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Thought Leadership
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November 30, 2018
Performance Tuning Strategies in Mainframe Applications
Krishna Sasidharan

The mainframe is arguably the most cost-effective platform for larger, faster, and ‘always available’ demands of IT business. Despite its central role in large enterprises, many IT leaders are disinvesting in mainframe performance management – since they feel that the mainframe platform’s extraordinary performance and efficiency needs little attention.

To the contrary, it is high time organizations re-invested in mainframe performance management - especially since today’s consumers never sleep, are always connected and demand rapid and instant response times.

Three persuasive reasons bear out this need. The first is the increased speed of mobile applications. It is estimated that most new customer facing apps and enterprise applications will hit a mainframe. Even a small improvement in mainframe application performance can have a significant impact on the customer’s mobile and web experience.

The second is the staggering increase in customer and transactional data caused by digital business. If not properly maintained, it can significantly degrade application performance. Third, enterprises are turning to an agile development culture in their mainframes to remain competitively nimble. This demands that IT validate and re-tune performance with every new code release so that the updates do not adversely impact customer experience.


Enhancing performance through job-efficient source code

Well-written code with optimized job parameters should support speed and CPU efficiency.  Making the source code job-efficient calls for attention to simple, yet important aspects.

  • Specify the BLOCK CONTAINS 0 records for output files – this will help gain the benefit of system-determined blocking for output files
  • Use a binary search (SEARCH ALL) to search a huge element array – this will be 100 percent faster than using a sequential search (SEARCH)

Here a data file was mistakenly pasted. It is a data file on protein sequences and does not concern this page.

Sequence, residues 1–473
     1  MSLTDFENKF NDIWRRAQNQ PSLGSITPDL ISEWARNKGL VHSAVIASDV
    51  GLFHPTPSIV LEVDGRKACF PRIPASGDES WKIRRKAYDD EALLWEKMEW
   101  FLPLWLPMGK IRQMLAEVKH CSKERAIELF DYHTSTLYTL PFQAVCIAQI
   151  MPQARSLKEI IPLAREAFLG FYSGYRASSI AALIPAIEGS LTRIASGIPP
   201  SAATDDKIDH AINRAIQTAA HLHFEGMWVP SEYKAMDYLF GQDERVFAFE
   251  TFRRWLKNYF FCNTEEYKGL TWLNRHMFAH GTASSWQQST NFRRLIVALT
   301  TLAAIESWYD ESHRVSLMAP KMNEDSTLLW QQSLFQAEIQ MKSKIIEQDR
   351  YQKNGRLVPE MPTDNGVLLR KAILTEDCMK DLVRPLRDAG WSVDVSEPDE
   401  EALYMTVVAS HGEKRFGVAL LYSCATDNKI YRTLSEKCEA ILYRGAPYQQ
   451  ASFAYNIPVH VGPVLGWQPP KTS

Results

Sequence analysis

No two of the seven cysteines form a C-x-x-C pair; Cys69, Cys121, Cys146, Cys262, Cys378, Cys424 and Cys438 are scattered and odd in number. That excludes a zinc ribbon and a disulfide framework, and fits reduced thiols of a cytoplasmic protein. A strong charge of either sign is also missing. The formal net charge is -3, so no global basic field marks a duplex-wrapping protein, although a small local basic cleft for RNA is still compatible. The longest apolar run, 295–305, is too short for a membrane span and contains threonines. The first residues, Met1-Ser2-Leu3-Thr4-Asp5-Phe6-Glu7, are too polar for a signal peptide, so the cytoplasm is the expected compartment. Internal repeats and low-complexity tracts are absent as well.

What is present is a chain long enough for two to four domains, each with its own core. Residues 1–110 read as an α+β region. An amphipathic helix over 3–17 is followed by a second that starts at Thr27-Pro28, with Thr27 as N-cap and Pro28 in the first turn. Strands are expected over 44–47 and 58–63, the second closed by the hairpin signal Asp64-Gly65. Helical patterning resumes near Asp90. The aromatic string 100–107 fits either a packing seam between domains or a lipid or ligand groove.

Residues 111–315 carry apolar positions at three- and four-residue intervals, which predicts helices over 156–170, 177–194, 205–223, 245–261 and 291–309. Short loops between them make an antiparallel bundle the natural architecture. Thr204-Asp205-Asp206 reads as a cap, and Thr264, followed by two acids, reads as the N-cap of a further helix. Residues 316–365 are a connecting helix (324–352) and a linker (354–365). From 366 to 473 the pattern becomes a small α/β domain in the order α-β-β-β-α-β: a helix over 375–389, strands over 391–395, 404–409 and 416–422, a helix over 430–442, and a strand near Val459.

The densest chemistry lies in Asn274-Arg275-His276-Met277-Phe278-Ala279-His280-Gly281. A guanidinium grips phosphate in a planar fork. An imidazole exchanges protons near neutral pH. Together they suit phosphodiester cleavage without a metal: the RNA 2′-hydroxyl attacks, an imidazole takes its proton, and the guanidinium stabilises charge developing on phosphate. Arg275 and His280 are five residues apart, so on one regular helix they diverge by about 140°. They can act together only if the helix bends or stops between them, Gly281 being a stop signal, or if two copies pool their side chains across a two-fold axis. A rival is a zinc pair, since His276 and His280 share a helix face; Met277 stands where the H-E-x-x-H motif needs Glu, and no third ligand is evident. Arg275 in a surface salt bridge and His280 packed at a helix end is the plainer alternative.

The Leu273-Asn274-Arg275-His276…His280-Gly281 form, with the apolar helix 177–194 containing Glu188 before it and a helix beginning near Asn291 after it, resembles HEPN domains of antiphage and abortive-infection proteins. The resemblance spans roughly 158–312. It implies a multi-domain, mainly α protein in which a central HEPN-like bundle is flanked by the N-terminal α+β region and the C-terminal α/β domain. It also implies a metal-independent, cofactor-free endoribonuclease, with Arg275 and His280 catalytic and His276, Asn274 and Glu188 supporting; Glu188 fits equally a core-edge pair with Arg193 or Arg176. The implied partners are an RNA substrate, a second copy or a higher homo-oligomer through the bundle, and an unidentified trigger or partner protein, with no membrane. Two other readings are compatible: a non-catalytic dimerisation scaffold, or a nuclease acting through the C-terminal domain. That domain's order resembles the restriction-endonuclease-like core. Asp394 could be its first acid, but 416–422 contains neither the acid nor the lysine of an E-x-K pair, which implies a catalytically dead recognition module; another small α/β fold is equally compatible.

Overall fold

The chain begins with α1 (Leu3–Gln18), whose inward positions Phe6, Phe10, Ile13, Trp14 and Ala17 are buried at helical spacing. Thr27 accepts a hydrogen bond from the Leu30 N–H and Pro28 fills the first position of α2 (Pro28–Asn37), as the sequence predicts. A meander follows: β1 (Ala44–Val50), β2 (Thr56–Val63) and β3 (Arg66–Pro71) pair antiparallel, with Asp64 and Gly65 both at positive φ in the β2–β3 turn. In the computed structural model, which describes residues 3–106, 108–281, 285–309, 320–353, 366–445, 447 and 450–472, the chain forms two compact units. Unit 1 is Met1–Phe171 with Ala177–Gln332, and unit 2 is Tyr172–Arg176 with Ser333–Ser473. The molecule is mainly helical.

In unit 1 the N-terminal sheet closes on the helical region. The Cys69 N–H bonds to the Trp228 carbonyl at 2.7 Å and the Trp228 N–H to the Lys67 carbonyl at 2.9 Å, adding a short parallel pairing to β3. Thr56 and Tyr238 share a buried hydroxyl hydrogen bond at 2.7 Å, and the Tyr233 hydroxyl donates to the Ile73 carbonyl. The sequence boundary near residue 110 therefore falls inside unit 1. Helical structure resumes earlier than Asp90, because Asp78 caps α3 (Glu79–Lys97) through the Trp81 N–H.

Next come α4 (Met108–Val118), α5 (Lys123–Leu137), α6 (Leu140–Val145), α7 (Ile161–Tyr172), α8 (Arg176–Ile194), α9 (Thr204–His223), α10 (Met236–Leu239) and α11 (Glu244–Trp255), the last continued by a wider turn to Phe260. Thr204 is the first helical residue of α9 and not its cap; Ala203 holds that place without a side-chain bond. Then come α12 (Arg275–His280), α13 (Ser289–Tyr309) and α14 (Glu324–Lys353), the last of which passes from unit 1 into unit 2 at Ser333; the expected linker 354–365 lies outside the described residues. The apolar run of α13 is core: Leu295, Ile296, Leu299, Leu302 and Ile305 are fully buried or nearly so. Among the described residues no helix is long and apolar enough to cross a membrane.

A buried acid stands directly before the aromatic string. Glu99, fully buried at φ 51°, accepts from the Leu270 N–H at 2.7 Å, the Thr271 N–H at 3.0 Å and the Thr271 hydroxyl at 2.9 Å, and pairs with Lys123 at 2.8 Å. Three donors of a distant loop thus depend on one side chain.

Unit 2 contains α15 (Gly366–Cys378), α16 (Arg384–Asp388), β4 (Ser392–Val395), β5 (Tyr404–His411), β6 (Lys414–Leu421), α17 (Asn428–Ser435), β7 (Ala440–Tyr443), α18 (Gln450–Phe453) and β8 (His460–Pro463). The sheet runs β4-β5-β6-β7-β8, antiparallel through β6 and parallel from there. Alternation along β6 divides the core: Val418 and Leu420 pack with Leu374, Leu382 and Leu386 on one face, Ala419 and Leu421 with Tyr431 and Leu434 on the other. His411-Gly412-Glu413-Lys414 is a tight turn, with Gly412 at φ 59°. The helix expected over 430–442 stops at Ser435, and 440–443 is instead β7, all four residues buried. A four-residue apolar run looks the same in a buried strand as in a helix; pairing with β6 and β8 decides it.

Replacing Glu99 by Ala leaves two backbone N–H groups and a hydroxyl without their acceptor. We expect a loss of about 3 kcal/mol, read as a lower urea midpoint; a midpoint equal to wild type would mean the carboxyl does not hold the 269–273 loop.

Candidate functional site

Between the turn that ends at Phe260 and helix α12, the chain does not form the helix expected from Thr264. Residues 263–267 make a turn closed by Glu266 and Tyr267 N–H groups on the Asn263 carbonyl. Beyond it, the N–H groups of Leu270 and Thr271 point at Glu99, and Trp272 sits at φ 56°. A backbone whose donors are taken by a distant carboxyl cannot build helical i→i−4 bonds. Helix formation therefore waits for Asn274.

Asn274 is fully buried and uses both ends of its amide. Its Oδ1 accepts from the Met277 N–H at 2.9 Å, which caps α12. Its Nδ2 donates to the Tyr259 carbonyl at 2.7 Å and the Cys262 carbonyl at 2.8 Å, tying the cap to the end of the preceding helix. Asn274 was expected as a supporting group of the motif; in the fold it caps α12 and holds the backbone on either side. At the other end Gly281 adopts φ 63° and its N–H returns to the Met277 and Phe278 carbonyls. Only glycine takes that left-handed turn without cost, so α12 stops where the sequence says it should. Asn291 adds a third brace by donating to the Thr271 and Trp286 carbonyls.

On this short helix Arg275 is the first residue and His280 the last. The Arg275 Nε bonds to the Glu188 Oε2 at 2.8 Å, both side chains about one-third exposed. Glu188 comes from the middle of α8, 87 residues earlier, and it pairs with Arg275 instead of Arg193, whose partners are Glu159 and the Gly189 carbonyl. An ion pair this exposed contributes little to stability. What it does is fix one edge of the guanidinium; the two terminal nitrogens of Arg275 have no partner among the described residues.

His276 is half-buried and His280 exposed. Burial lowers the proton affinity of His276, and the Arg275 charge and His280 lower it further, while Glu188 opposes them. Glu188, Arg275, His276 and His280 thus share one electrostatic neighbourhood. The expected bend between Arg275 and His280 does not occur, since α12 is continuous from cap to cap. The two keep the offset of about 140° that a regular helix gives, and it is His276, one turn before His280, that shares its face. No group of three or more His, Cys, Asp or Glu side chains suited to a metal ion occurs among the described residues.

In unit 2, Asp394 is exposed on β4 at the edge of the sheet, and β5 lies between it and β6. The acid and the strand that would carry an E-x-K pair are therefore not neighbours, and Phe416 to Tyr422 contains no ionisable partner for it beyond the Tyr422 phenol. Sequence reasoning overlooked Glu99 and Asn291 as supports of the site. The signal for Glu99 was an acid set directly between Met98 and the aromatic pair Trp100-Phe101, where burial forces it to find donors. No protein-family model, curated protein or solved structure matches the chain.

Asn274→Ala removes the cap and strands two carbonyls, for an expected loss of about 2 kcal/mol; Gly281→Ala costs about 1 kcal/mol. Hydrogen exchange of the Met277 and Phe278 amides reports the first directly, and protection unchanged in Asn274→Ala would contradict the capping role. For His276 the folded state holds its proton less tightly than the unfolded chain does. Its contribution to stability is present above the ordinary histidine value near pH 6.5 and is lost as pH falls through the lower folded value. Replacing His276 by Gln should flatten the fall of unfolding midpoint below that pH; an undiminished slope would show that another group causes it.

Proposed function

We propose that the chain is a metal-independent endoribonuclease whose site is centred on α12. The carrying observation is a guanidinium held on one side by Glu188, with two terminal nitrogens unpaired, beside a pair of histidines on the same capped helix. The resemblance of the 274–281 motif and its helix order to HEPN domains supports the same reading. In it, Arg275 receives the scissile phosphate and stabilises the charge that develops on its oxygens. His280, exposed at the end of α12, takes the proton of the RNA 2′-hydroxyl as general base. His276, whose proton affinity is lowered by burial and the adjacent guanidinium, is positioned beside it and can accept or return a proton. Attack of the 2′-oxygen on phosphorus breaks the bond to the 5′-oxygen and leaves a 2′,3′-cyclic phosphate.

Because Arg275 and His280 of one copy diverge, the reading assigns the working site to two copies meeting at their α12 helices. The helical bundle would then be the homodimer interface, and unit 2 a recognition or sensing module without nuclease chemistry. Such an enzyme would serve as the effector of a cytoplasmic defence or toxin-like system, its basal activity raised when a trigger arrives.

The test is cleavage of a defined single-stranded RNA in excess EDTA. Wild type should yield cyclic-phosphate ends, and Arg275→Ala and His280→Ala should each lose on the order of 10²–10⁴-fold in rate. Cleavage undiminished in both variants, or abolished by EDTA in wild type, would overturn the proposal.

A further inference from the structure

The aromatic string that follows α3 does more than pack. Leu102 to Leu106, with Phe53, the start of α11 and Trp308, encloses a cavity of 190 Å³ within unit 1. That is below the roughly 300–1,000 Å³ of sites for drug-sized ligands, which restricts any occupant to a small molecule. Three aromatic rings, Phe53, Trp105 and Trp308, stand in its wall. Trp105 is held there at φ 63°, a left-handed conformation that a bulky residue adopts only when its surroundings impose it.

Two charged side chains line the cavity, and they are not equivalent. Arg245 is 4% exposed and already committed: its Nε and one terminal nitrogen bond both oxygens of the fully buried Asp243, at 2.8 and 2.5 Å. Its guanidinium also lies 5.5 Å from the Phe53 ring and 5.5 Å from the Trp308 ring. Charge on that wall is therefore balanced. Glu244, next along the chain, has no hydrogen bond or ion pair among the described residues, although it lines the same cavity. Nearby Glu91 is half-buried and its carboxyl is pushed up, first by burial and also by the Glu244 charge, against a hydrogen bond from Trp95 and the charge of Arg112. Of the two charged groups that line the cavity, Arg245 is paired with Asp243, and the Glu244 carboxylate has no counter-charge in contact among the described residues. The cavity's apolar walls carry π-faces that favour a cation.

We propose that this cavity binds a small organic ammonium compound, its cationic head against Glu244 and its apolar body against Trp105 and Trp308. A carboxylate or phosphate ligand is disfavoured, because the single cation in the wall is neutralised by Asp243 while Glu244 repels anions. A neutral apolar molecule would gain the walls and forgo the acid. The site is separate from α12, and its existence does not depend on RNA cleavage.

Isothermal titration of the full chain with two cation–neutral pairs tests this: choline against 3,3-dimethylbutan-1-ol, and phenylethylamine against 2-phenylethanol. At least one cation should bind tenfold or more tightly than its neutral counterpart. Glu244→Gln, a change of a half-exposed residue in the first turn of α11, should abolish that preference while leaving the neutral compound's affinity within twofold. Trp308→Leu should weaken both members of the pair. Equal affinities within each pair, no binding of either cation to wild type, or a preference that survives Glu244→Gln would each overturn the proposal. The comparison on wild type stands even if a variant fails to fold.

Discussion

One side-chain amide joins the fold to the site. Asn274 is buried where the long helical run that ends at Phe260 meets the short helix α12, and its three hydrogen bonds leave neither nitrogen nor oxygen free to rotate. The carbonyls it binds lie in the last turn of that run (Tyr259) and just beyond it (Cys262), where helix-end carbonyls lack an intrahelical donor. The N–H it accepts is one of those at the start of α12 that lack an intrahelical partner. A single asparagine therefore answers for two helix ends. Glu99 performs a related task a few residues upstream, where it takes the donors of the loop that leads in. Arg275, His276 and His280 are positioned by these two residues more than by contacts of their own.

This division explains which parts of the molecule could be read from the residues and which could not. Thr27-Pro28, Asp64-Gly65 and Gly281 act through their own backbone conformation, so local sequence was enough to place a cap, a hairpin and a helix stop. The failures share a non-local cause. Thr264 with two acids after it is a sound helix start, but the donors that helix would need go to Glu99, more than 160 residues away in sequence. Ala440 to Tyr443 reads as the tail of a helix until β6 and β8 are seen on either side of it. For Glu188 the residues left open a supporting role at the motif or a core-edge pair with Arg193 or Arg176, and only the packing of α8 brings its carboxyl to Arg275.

• Use EVALUATE over IF parameter, eliminate GOTO statements and Internal SORT procedures - this will enhance readability and make the code structured
  • Use an odd number of digits for PACKED DECIMAL (COMP-3) - this  is faster than using an even number of digits
  • Use comp, comp-3, display format variables to address a table- this heavily slogs the operation when compared to indexes.

Improving job performance

Here are a few key actions that boost mainframe performance

  • Allocate sufficient primary space to contain the entire contents of the file - this reduces the secondary extents. Also ensure to code the RLSE option with the SPACE parameter.
  • Specify a reasonable amount of secondary space.
  • Place BLKSIZE=0 in the DCB of all the sequential files.
  • Code UNIT= (CART, 2), into the JCL to eliminate multi-volume tape mount delays within a job.
  • Define temporary datasets instead of cataloging it for intermediate operations within the job.


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With respect to file performance, the following considerations are important


  • Avoid using multiple alternate indexes - updates have to be applied in primary and multiple alternate paths which eventually slows down the performance
  • Reorganize the VSAM datasets on a weekly basis – this enables control interval size (CISZ) and Freespace (FSPC) to be determined fresh, thereby eliminating splits
  • Address repeated failures due to space issues for a relatively huge physical sequential file - get the correct volume hosting less number of datasets from the DASD team and provide it in the VOL parameter option in the JCL. This will eliminate space abends.
  • Eliminate the ERASE option in the VSAM definition – The ERASE option causes a tremendous amount of I/O by writing binary zeros to the entire allocated file space each time the file is deleted using IDCAMS
  • Define files greater than 7 tracks in size in Cylinders - Files less than 7 tracks in size which have I/O activity should also be defined in Cylinders.


The following should be noted regarding database access performance

  • Avoid using wildcard (%) at the beginning of a predicate - this will trigger full table scan
  • Specify the columns in the SELECT clause instead of using SELECT* - unwanted columns place extra load on the database and slows down the whole system. Each return column has an overhead that is multiplied by the number of rows.
  • Execute the EXPLAIN statement to understand the query performance and the access path that DB2 chooses for each query.
  • Use indexed columns of the DB2 table for WHERE clause conditions – this helps locate records quickly.
  • Code SQL JOINs instead of singular SQL access whenever possible - a single SQL JOIN is always faster than two SQL statements within an application program to compare and filter the result set data.

Performance tuning is a must-have process for new system implementation and when change implementation in existing systems go live. It is the responsibility of all parties involved to develop and maintain the mainframe application to be constantly on the alert for prominent bottlenecks, redundant processes and unnecessary steps. Remember continuous self-tuning is a journey, not a destination!